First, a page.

This category (category 38) honors television program’s overall efforts for engagement of audience. To understand what is considered to determine the winner, we can look into the Emmy Outstanding Creative Achievements in Interactive Media, or juried 39. These awards are juried, meaning panels unanimously vote on whether television programs should receive this title. There is no head-to-head competition between programs like in categories. The award can be given in four sub-sections that include: Multiplatform Storytelling, Original Interactive Program, Social TV Experience, and User Experience and Visual Design. Now that we have general understanding of what overall efforts could include, lets go into the category 38 nominees.

Comedy Central’s “@Midnight”

@Midnight” is a new show where comedian/celebrity contestants aim to make fun of society staples such as the Internet, social media, and pop culture. If you haven’t seen it tune in Monday-Thursday at 12 a.m. or go to Comedy Central’s website to watch full episodes. As someone who had not seen the show before researching the nominees for this blog, I was cracking up throughout the half-hour episode. (Jimmy Fallon might have some late night competition.)

The show is set up similar to a game show and uses the social media platform Twitter. Contestants play for different Twitter handles and they encourage viewers to join the fun and tweet in their comedic comments, if good enough they could be shown on the next airing episode. “@Midnight” has been especially successful in reaching the male 18-24 and 18-34 audience. The Wrap reports, “@Midnight” ranked an average of second place in the late night hour segment (11 p.m. – 2 p.m.). Host Chris Hardwick explains, “Our goal was, how can we have as much fun as possible and engage people as much as possible.” From the episode or two I have watched the show definitely deserves to be nominated for this category.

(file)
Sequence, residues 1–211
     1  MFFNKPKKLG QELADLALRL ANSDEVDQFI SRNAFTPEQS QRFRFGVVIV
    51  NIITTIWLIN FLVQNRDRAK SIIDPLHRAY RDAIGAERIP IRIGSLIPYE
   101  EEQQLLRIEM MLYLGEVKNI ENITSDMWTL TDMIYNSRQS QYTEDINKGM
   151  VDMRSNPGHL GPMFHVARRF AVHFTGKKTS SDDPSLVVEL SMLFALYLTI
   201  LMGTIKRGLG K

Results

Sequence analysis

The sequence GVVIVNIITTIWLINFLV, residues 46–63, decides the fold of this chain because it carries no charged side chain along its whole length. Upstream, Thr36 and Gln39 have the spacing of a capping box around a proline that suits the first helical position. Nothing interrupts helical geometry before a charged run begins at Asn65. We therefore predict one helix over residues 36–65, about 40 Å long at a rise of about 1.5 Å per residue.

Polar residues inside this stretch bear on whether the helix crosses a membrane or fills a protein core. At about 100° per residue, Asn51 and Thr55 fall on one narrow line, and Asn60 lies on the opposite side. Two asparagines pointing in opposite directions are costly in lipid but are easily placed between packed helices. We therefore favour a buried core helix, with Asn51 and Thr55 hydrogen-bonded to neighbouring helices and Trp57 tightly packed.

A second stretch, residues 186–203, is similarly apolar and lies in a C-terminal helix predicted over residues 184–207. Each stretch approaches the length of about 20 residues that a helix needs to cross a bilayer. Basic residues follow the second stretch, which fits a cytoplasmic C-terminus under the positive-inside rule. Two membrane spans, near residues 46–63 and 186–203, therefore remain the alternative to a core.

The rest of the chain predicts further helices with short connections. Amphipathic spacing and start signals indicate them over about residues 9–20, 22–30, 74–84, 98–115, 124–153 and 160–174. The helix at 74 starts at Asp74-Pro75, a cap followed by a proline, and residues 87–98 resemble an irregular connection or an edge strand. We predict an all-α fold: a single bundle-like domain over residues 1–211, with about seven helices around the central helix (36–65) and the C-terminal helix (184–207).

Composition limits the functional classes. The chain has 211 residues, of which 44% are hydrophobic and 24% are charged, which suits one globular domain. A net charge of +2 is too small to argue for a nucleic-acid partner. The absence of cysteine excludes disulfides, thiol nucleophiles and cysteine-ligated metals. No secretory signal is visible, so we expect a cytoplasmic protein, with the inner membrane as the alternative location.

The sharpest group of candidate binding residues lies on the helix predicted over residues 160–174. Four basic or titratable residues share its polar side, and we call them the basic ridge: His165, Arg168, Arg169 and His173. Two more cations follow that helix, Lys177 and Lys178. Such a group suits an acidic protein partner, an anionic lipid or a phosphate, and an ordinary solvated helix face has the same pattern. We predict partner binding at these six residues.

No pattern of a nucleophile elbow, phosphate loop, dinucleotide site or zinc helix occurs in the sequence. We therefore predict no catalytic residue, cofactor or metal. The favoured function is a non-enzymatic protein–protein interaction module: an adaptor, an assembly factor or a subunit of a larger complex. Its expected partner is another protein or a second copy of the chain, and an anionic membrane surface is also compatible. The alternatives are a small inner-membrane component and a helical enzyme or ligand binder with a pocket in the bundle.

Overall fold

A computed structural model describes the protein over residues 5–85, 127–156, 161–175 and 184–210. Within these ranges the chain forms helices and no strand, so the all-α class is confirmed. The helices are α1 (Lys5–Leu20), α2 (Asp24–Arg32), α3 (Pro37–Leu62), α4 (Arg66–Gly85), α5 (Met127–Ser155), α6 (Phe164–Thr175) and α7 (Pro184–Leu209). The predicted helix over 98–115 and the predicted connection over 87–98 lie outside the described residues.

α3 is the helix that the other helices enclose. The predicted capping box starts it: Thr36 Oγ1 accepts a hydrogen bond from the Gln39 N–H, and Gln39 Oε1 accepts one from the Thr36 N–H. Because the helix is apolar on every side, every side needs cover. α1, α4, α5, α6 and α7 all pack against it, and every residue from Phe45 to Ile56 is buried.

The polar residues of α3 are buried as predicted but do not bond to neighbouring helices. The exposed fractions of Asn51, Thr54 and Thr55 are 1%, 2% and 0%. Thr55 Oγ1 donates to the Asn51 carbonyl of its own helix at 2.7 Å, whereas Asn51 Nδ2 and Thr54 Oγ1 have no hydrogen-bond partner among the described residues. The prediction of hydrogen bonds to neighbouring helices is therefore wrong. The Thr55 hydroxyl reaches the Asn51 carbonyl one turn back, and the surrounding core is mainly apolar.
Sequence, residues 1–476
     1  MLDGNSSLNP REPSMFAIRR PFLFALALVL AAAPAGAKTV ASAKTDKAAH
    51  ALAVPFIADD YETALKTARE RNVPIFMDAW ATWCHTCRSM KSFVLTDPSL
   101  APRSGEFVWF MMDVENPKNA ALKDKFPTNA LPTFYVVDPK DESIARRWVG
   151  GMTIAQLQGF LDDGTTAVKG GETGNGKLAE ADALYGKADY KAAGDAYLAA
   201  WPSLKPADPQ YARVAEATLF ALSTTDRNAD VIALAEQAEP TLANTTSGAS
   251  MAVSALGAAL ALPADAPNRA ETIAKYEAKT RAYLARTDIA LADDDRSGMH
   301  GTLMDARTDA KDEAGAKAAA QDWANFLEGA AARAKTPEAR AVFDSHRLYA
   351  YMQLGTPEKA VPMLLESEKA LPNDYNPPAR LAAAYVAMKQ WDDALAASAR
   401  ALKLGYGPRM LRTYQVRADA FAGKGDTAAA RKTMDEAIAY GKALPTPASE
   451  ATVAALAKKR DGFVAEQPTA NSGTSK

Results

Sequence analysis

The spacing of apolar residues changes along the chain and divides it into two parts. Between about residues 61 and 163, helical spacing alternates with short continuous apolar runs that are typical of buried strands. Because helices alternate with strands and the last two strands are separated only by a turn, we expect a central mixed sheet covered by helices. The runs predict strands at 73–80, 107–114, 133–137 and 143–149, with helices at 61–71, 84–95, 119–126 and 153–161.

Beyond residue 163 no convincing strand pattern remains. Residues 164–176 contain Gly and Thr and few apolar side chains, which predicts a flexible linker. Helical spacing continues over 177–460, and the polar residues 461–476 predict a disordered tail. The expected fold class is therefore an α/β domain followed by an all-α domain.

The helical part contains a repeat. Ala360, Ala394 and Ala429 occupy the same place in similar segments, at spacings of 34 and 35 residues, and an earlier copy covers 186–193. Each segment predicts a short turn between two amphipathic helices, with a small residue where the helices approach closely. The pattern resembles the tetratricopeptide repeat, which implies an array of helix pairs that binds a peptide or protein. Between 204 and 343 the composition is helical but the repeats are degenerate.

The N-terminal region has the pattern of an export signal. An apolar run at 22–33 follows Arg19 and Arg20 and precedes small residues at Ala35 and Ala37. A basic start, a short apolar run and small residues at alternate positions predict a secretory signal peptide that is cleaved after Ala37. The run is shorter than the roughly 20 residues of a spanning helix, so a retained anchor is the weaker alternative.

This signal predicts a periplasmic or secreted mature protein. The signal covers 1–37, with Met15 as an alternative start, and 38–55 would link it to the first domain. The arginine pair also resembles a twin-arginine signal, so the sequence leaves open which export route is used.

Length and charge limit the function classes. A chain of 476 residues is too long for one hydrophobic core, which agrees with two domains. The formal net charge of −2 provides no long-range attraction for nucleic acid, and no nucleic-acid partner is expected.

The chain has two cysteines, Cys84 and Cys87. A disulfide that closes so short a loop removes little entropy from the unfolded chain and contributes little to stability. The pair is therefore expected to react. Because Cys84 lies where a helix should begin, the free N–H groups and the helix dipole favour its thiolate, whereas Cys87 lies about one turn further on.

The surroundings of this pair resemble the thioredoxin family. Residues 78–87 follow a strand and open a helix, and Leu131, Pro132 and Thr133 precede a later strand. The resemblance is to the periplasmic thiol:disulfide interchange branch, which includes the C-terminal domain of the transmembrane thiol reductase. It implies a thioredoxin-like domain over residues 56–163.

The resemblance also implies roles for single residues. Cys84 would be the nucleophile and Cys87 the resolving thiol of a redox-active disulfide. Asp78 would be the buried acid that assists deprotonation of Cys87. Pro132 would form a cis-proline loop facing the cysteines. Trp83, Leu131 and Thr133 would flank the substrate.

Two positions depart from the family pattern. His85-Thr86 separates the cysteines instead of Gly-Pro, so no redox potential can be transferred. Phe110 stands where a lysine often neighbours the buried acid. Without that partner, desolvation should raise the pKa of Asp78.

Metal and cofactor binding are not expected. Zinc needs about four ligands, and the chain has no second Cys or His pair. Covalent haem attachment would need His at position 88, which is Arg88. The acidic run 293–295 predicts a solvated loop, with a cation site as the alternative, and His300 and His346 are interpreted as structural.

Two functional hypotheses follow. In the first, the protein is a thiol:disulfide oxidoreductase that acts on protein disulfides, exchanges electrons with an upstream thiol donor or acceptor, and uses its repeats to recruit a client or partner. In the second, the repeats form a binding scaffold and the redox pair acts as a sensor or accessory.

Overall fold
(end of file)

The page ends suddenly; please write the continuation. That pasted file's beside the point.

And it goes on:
HBO’s “Game of Thrones” Premiere- Facebook Live and Instagram

Season four of  “Game of Thrones” brought new and creative ways for fans of the story to engage with the creator, cast members, and producers.Using Facebook Live, a media channel that “connects you with some of the top public figures and information about what they’re working on” via live streams of events and interviews, live cast the NYC premiere. Fans sent in questions via Facebook and Instagram that were asked and answered on the red carpet.

NBC’s The Tonight Show Starring Jimmy Fallon Digital Experience 

Jimmy Fallon has already won the hearts of late night with his hashtag segments and fun games, but in February NBC wanted to create a new digital experience for the viewers. It re-launched the website and created a custom app for the show, which is available for Apple products and Android. The app makes it easier for fans to watch clips, view audience driven content, and play fun games, which feature Jimmy and the cast.


NBC’s “The Voice” 

The Voice’s” sixth season return was no disappointment, especially with the return of coaches Shakira and Usher. The show received a total of 10 Emmy nominations, one of them being Outstanding Interactive Program. It is hard to not hear “The Voice” when Twitter lights up with support. Celebrity coaches, the contestants, the audience, and home viewers keep the storyline moving outside of the one-hour, twice a week showing. Personally, I’m quite impressed with their Pinterest page, which has themed show munchies, information on contestants, and behind the scene photos and interviews. Props to “The Voice” team for being able to engage so many people for a long period of time.